Recent findings from the neural and behavioral sciences have shown that central nervous system (CNS) structure is not as limited as once thought. Basic neuroscience discoveries have shown that central nervous system cells, if damaged, have potential for remyelinization and axonal repair which can take place years post damage from injury or disease. It is also now known that the central nervous system can have both dendrite and axonal sprouting in its attempt to regain integrity.
These findings have already influenced emergency medicine and acute care to develop and implement procedures that preserve neural tissue after damage. Perhaps, the most intriguing finding is the brain's ability to use alternate cell tissue to replace the function of destroyed cells. While the functional correlates of such neural repair was once thought to be automatic, it is now becoming clear that to maximize this neural potential specific learning techniques at the neuronal level are necessary.
Advanced Biofeedback and Neurofeedback procedures are the techniques best suited for maximizing this potential and will increasingly become the methods for gaining ultimate function after central nervous system damage. As more neural tissue is preserved in these patients with advanced trauma medicine techniques along with advancements in Biofeedback and Neurofeedback, individuals with central nervous system damage will be able to gain significant increases in function that were previously considered unattainable.
Bernard S. Brucker, Ph.D., ABPP University of Miami School of Medicine Biographical Sketch Dr. Bernard S. Brucker is Associate Professor in the Departments of Psychiatry and Behavioral Sciences, Orthopaedics and Rehabilitation, and Radiology at the University of Miami-School of Medicine. He is a psychologist, Board-certified in Rehabilitation Psychology, who has been a leader in the field of rehabilitation and is currently the Director of the Biofeedback Laboratory at the University of Miami School of Medicine / Miami Jewish Home and Hospital. He has been Chief of the Division of Psychology at the University of Miami / Jackson Memorial Center from 1981 to 2005. He is the past President of the Division of Rehabilitation Psychology of the American Psychological Association and the recent past Chairman of the Brain and Spinal Cord Injury Advisory Council for the State of Florida. Dr. Brucker is currently President of the American Board of Rehabilitation Psychology, President of the Academy of Rehabilitation Psychology, Member of the Board of the American Board of Professional Psychology, President of the Council of Presidents of Psychology Specialty Academies, President of the Florida Brain Injury Association and past Board Member of the Association of Applied Psychophysiology and Biofeedback. Dr. Brucker has received the Gil Moss Award from the National Spinal Cord Injury Association for outstanding scientific and clinical contribution to spinal cord injury, the Exceptional Achievement Award from the Institute of Electrical and Electronics Engineers for microprocessor control of movement in paralyzed muscle, the Lifetime Achievement Award from the Dade County Chapter of the Florida Psychological Association, the Distinguished Service Award, Division of Rehabilitation Psychology, American Psychological Association and the Karl F. Heiser Presidential Award from the American Psychological Association. Dr. Brucker is one of the founders, and the original Co-Director of the Miami Project to Cure Paralysis. He is world renowned for developing specific behavioral procedures for restoring function to people with physical disabilities and has numerous publications, chapters, and presentations at scientific meetings.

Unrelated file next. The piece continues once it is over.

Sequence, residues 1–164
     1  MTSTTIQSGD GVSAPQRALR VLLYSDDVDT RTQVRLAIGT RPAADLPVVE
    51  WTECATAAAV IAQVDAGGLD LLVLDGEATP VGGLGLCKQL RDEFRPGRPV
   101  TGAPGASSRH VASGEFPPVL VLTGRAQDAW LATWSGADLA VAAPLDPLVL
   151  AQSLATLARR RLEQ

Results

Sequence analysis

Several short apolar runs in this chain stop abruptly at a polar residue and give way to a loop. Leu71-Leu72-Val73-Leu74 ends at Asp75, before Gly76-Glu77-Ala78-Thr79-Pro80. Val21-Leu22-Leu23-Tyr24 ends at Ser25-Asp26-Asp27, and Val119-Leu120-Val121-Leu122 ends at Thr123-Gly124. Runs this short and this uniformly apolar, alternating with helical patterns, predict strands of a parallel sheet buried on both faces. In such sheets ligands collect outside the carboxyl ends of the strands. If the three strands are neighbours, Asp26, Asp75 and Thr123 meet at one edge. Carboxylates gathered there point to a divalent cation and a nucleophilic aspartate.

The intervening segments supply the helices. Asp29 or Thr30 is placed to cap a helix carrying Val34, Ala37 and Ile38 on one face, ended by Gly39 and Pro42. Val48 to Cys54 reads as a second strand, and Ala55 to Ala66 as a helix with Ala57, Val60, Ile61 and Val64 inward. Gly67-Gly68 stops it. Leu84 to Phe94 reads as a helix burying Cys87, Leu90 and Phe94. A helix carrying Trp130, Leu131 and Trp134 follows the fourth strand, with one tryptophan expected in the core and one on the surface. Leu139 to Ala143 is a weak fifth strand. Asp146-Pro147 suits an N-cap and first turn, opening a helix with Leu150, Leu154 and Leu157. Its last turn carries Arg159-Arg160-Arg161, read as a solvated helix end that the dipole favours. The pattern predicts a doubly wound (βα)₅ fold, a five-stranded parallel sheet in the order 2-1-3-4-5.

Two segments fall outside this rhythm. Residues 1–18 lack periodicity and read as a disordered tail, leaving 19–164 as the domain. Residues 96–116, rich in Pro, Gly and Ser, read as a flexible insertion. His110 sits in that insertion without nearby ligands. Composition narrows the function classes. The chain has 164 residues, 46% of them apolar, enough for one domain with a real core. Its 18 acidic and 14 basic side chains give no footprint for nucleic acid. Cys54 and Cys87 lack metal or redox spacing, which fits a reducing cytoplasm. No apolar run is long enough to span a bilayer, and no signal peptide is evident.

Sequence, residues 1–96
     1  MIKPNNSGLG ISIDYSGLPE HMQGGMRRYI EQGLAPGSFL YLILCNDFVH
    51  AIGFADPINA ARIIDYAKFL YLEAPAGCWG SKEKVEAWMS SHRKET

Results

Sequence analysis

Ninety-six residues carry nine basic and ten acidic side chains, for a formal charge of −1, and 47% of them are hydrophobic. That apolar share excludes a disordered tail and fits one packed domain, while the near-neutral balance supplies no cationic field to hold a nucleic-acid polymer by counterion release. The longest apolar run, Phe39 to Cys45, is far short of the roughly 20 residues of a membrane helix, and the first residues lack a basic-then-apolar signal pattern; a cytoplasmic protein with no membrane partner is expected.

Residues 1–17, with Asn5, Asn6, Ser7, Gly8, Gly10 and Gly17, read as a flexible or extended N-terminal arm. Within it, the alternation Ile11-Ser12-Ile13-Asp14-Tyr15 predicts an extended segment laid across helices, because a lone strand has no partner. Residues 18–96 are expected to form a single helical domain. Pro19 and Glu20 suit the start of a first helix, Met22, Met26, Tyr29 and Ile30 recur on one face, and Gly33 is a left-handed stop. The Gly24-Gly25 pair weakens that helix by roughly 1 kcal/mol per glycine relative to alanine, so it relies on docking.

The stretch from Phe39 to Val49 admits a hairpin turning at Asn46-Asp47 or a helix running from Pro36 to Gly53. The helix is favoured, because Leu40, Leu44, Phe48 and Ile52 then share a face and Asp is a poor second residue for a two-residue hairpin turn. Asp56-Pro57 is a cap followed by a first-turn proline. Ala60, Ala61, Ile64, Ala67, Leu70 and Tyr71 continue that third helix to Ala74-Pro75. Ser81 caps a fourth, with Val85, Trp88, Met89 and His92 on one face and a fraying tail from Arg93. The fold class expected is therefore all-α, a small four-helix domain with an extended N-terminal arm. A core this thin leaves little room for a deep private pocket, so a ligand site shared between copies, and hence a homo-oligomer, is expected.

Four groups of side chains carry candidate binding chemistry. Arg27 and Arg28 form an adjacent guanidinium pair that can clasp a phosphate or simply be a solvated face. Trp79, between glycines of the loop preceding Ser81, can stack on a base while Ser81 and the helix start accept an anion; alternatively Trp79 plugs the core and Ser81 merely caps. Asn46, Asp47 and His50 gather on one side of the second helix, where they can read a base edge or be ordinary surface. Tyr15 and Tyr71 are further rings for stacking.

Other Products by Bernard Brucker
1) The Role of Biofeedback and Neurofeedback in Neuroplasticity